Responsible applicant and co-applicants



Lucan and Claudian: Context and Intertext,
V. Berlincourt L. Galli Milić D. Nelis (2016), Lucan and Claudian: Context and Intertext,, in Lucan and Claudian: Context and Intertext, , HeidelbergWinter Verlag, Heidelberg.
“Commenting on Claudian’s ‘Political Poems’, 1612 / 1650”,
V. Berlincourt (2014), “Commenting on Claudian’s ‘Political Poems’, 1612 / 1650”,, in K.A.E. Enenkel (ed.), Brill, Leiden, 125-150.
“Dea Roma and Mars: Intertext and Structure in Claudian’s Panegyric for the Consuls Olybrius and Probinus.
V. Berlincourt, “Dea Roma and Mars: Intertext and Structure in Claudian’s Panegyric for the Consuls Olybrius and Probinus., in Harvard Studies in Classical Philology, 110.
Poétique du furor et intertextualité dans le Bellum ciuile
L. Galli Milic, Poétique du furor et intertextualité dans le Bellum ciuile, in Rémy POIGNAULT et Fabrice GALTIER
 (ed.), Les Belles Lettres, Paris.


Group / person Country
Types of collaboration
TESSERAE, CUNY University at Buffalo, USA United States of America (North America)
- in-depth/constructive exchanges on approaches, methods or results

Associated projects

Number Title Start Funding scheme
146976 Intertextuality in Flavian Epic Poetry 01.06.2013 Project funding
148064 Réécriture et auto-référence dans les poèmes politiques de Claudien 01.01.2014 Ambizione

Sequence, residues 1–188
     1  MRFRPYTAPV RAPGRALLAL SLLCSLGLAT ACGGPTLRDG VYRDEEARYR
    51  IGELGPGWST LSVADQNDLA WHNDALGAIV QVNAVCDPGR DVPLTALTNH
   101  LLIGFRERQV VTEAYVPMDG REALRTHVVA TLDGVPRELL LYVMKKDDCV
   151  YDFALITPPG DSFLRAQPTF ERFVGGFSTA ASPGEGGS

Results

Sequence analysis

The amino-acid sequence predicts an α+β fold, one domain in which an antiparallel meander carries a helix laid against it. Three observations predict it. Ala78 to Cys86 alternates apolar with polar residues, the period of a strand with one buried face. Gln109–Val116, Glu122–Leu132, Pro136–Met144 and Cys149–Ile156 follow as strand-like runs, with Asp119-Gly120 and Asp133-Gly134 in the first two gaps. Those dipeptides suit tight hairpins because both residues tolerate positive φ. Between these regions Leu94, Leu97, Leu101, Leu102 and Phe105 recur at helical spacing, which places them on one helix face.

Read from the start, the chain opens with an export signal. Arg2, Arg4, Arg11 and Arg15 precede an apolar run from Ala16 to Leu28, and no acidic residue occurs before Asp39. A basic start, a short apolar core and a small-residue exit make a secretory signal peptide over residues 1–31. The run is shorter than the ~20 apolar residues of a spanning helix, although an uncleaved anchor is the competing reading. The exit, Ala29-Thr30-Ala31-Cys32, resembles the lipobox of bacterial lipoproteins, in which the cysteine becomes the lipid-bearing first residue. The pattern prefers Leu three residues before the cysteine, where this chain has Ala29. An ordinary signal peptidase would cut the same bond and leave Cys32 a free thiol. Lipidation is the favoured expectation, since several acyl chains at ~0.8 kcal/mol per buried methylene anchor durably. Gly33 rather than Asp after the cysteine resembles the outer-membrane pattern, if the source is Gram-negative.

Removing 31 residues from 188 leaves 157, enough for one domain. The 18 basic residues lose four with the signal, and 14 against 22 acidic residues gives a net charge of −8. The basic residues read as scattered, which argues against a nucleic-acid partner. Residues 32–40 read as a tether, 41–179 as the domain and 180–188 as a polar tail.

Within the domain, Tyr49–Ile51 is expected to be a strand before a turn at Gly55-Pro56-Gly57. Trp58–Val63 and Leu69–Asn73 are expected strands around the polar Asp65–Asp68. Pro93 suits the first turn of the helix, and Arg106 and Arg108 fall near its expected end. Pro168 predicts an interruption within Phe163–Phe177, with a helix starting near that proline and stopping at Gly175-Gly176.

The aim of the project is to build on recent advances in the interpretation of Latin poetry by combining the virtues of old-fashioned source criticism with the insights offered by modern theoretically sophisticated approaches to the phenomenon of literary imitation. Over the last fifty years, the study of the intertextuality of Latin poetry has been renewed by two quite different scholarly methods. On the one hand, G.N. Knauer’s monumental study of Vergil and Homer (1964) brought to a peak of near-perfection the methods of nineteenth-century Quellenforschung. In turn, J. Farrell adapted Knauer’s techniques in his influential study of Vergil’s Georgics, I have applied Knauer’s approach to the study of Vergil’s Aeneid and Apollonius Rhodius. At the same time, the application of modern literary theory to Classical texts has led to some brilliant theoretical work by, among others, G.B. Conte, A. Barchiesi, D. Fowler and S. Hinds. Their efforts have had an enormous impact on the ways in which Classicists think about the whole question of the relationships between literary texts and about literary history. The time is now ripe for the combination of both approaches in a new series of studies of Latin poetry. I propose to bring together young scholars, at both doctoral and post-doctoral level, and to work with them in the preparation of detailed philological studies of the connections between chosen texts (à la Knauer) which at the same time take into account the questions raised by modern theoretical analysis (à la Conte, Barchiesi, Fowler, Hinds). These approaches, which are often presented as being mutually exclusive, are in fact perfectly compatible, and together they offer the possibility of a complete renewal of the methods of literary Quellenforschung which have for so long provided the methodological basis for the study of Latin literature.